Albert Maysles 1926 – 2015

mayslesCIf it wasn’t for Albert Maysles I would never have become a documentary filmmaker.  I always wanted to make documentaries but I hated the thought of researching, producing, film crews and all the lights, sound and action of formal filmmaking.  But when I watched Grey Gardens and witnessed the cinema verite filming style Al and his brother David used, I knew that was what I wanted to do.

Everything I learned about this film style was from studying his work and attending the documentary course at Maysles Cinema in Harlem. He watched an early cut of my documentary, Destiny’s Bridge, and we talked about it on the phone. “Right on” was his first remark.  Al assured me that I was on the right track and invited me to have a rough cut screening at his cinema.  He loved what he saw in the natural filming of the residents of Tent City.  He commented on the way they lived together, the way they cooked and ate meals as a group and watched out for each other.  That’s what he loved about documentaries and I think it’s why he made them.

He was a very kindhearted man who had a gift to see the hidden jewel in a person’s soul and to bring it out.  He believed in the importance of being trusted by the characters in his films and giving them the freedom to be themselves.  We should never forget his contribution to documentary filmmaking and his love for humanity.

BTW – My latest documentary, DESTINY’S BRIDGE, was shot entirely by the rules and procedures listed below that I learned from Albert Maysles.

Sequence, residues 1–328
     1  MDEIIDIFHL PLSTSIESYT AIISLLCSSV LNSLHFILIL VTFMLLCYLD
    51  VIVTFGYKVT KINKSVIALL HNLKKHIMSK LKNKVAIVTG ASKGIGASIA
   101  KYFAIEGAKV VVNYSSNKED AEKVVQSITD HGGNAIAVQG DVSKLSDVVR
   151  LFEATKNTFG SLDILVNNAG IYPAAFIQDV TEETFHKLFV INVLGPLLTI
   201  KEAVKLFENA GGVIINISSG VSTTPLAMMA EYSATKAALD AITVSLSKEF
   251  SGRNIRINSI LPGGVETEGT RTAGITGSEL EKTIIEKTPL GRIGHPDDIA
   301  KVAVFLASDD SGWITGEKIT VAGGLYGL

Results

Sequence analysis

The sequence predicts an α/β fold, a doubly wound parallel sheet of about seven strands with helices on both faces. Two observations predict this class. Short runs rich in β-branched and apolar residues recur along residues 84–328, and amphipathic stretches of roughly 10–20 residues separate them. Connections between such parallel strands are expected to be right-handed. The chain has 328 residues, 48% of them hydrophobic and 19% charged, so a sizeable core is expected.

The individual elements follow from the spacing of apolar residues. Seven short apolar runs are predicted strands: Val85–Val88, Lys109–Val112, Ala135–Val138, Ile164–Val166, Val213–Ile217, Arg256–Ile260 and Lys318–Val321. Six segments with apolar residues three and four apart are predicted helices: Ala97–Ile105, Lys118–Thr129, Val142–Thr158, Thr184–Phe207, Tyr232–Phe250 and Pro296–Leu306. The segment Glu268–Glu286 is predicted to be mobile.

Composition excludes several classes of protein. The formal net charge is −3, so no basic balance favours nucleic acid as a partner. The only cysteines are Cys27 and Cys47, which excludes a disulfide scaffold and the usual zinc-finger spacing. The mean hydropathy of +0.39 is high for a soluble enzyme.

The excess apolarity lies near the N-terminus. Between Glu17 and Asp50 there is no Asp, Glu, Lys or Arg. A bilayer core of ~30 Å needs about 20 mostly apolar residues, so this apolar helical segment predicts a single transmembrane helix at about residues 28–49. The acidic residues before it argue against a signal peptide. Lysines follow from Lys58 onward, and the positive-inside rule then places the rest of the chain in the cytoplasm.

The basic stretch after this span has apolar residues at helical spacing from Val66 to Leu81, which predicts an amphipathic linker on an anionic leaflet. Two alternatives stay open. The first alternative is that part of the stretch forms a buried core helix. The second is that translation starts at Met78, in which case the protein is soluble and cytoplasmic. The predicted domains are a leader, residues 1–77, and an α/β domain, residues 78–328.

Copied from the website: Maysles Films

As a documentarian I happily place my fate and faith in reality. It is my caretaker, the provider of subjects, themes, experiences—all endowed with the power of truth and the romance of discovery. And the closer I adhere to reality the more honest and authentic my tales. After all, knowledge of the real world is exactly what we need to better understand and therefore possibly to love one another. It’s my way of making the world a better place.

Distance oneself from a point of view.
Love your subjects.
Film events, scenes, sequences; avoid interviews, narration, a host.
Work with the best talent.
Make it experiential, film experience directly, unstaged, uncontrolled.
There is a connection between reality and truth. Remain faithful to both.

-Hold it steady.
-Use manual zoom, not the electronic.
-Read as much of your camera’s manual as you can.
-Read a photography book on how to compose shots.
-Use the steady device that’s in the camera.
-Never use a tripod (exception: filming photographs, for example).
-You’ll get a steadier picture the more wide-angle the shot.
-In a walking shot go very wide angle.
-Hold the beginning and end of each shot. The editor will need that.
-Use no lights. The available light is more authentic.

Learn the technique but equally important keep your eye open to watch the significant moment.  Remember, as a documentarian you are an observer, an author but not a director, a discoverer, not a controller.  Don’t worry that your presence with the camera will change things.  Not if you’re confident you belong there and understand that in your favor is that of the two instincts, to disclose or to keep a secret, the stronger is to disclose. It’s not “fly-on-the-wall.”  That would be mindless.  You need to establish rapport even without saying so but through eye contact and empathy.  -Albert Maysles


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